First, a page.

Life Science Staying inside your ‘social bubble’ could be key to keeping COVID-19 at bay
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Staying inside your ‘social bubble’ could be key to keeping COVID-19 at bay

two women bump elbows while social distancing
Oxford University scientists argue the one-metre social distancing rule needs to be updated. Photo: Getty
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A new study has compared different methods of social distancing to find the most effective – and the answer might surprise you.

As lockdown restrictions ease, many Australians are slowly venturing out of their homes/caves looking to revive their social lives.

But not everyone is keen to rush out and resume their regularly scheduled activities.

A study published in the journal Nature Human Behaviour used ‘social network analysis’ to measure the risk of exposure based on how networks of people interact.

Based on the evidence, the study determined three ways to practice safer social distancing in the post-lockdown age.

‘Similar people’

The first approach researchers from the University of Oxford explored was for people to limit their interaction to those who share common attributes, such as geographic location.

Someone practicing social distancing using the ‘similar people’ approach would limit their interactions to their own neighbourhood, which would significantly slow the rate of transmission.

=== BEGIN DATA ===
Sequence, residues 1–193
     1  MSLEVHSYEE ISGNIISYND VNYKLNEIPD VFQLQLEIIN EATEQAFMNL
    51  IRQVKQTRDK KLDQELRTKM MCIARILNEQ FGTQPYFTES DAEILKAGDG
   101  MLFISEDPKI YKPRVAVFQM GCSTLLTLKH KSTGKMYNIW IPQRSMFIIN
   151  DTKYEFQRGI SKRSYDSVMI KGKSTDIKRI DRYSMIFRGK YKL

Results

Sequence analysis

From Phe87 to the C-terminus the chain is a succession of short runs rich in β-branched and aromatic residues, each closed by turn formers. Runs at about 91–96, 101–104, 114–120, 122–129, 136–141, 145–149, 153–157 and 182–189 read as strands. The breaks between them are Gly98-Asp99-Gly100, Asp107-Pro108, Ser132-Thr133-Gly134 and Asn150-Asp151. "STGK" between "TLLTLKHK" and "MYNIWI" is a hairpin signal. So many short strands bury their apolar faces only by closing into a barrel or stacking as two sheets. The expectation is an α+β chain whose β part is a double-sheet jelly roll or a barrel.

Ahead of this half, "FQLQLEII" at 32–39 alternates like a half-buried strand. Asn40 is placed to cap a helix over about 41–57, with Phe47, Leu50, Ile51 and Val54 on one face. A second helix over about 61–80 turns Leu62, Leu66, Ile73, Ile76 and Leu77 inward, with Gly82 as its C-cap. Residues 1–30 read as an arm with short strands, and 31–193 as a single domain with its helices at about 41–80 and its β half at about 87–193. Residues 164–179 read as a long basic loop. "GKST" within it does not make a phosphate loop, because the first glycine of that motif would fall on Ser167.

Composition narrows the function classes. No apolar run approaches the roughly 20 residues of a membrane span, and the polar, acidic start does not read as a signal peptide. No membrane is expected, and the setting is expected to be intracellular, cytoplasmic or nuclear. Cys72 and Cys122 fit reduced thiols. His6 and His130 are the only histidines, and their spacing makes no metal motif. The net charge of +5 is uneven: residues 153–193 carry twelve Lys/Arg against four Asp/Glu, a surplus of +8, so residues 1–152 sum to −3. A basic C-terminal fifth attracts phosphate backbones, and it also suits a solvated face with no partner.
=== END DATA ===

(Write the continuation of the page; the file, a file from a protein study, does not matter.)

For example, a community where individuals only interacted with those within a three-block radius would require over 30 transmission events for the virus to travel 100 blocks.

Fortunately for those of us with weird neighbours, this approach is unlikely to stick.

‘Communities’

The second approach outlined by the study requires us to consider who our friends interact with.

This method requires individuals to limit their interaction to those with whom you have many friends in common.

Researchers advise sticking with the same social circle. Photo: Getty 

For example, an individual would be able to meet with people in their friendship circle if they all shared similar friends.

The individual would be discouraged from meeting with a friend outside their regular circle, even if just once or twice.

That means you won’t have to feel guilty for turning down drinks with your annoying co-worker.

‘Social Bubbles’

Researchers favoured the ‘social bubble’ approach, claiming it allowed individuals to meet often with the same specific people, thus limiting the spread of the virus.

Professor Linda Bauld, of University of Edinburgh’s public health department said the ‘social bubble’ method was preferred because it allowed people “to have repeated close contact with a small group or ‘micro-community’.”.

“This would be appealing for couples who don’t live together or, as the researchers point out, a group of carers looking after vulnerable adults, or might even allow those in the shielded category to meet up,” Professor Bauld said.

“It was also the most effective strategy included in the research in terms of allowing more contact between individuals while slowing the spread of the virus.”